Public unconvinced, Google pushes Glass at Work

Jun 16, 2014
0
Public unconvinced, Google pushes Glass at Work

As the relentless Glass parodies show, Google's wearable still has a long way to go to engage the mainstream market, which might explain the latest push into more open-minded markets. Google has announced its first "Glass at Work Certified Partners", five companies looking to use the head-mounted device for doctors in hospitals, journalists in the field, and other highly-targeted cases.

It's that targeting which differentiates the more work-centric Glass cases from Google's more scattershot approach to making the wearable appealing to everyday consumers.

While potential mainstream buyers have been turned off by privacy concerns and Glass' divisive aesthetic, business users are generally more accommodating of clunky design as long as the device itself fits a purpose. That's what other head-mounted display firms like Epson are counting on, with Glass alternatives such as the Moverio BT-200 targeting enterprise customers with specific goals in mind rather than pushing broad, everyday use.

Augmedix1

The five companies fresh to Google's work certification scheme are APX, Augmedix, Crowdoptic, GuidiGO, and Wearable Intelligence. APX Labs, for instance, uses Glass to put enterprise-specific business data into the eyeline, helping workers keep their hands free, while Augmedix does similar for doctors with patient records.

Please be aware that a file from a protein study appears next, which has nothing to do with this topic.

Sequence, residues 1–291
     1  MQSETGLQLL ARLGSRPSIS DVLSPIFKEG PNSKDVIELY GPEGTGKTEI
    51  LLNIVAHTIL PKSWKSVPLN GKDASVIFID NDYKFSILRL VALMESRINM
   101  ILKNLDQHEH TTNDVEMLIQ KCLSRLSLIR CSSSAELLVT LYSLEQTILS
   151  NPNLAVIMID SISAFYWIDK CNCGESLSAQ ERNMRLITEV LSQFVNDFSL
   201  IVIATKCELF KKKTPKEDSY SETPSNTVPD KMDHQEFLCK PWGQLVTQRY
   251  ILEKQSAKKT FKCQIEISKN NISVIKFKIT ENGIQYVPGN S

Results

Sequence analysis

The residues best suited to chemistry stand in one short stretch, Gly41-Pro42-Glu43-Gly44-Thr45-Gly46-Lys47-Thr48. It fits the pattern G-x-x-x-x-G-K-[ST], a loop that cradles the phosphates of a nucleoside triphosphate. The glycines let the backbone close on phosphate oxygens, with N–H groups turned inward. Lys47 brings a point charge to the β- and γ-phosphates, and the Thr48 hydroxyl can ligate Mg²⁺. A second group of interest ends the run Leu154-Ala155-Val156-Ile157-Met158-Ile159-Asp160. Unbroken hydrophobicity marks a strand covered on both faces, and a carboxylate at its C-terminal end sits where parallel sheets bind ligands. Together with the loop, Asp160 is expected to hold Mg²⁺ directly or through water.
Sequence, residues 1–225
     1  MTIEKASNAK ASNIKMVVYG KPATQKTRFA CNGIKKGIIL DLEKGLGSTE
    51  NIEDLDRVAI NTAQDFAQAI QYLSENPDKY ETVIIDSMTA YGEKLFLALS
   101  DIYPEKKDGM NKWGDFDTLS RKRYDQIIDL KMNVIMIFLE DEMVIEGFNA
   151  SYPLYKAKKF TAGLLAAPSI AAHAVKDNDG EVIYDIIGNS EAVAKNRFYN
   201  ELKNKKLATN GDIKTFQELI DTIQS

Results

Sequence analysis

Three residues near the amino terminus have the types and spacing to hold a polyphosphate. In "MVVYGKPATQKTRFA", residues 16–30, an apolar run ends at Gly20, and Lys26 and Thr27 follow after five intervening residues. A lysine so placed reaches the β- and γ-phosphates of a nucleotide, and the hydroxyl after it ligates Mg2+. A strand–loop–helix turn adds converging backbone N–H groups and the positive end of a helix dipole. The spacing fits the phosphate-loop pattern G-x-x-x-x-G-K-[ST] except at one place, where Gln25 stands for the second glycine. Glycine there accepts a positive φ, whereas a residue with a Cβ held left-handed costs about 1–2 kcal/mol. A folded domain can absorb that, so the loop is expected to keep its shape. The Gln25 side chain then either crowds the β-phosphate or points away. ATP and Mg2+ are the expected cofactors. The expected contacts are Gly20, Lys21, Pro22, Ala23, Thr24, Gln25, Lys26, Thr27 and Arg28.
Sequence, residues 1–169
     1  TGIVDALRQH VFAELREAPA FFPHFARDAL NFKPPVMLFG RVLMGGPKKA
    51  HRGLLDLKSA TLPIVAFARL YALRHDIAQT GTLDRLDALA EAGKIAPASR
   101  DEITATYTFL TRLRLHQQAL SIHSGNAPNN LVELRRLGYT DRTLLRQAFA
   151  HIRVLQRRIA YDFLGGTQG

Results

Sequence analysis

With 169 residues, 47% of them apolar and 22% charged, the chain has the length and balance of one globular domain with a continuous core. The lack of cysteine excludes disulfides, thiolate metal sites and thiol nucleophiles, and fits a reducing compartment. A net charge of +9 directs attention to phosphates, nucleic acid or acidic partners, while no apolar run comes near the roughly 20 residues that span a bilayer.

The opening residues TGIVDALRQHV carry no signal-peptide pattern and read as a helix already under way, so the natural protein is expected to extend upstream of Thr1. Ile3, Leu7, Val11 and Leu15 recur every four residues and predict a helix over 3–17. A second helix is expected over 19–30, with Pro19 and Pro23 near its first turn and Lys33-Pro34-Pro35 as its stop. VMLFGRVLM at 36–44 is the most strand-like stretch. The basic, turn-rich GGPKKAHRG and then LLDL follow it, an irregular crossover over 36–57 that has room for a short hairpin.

CrowdOptic turns Glass' camera into a roving reporter's tool, managing broadcasts from journalists out in the field, as well as having applications in security monitoring.

GuidiGo is building Glassware for museums and cultural locations, effectively creating museum guides that visitors can wear. Finally, Wearable Intelligence makes apps targeting energy, manufacturing, and healthcare fields.

The five companies will be allowed to co-brand as well as have their apps listed on Google's Work-specific site. We're expecting to hear more about Google's production plans for Glass at Google IO later this month.

SOURCE Google


Must Read Bits & Bytes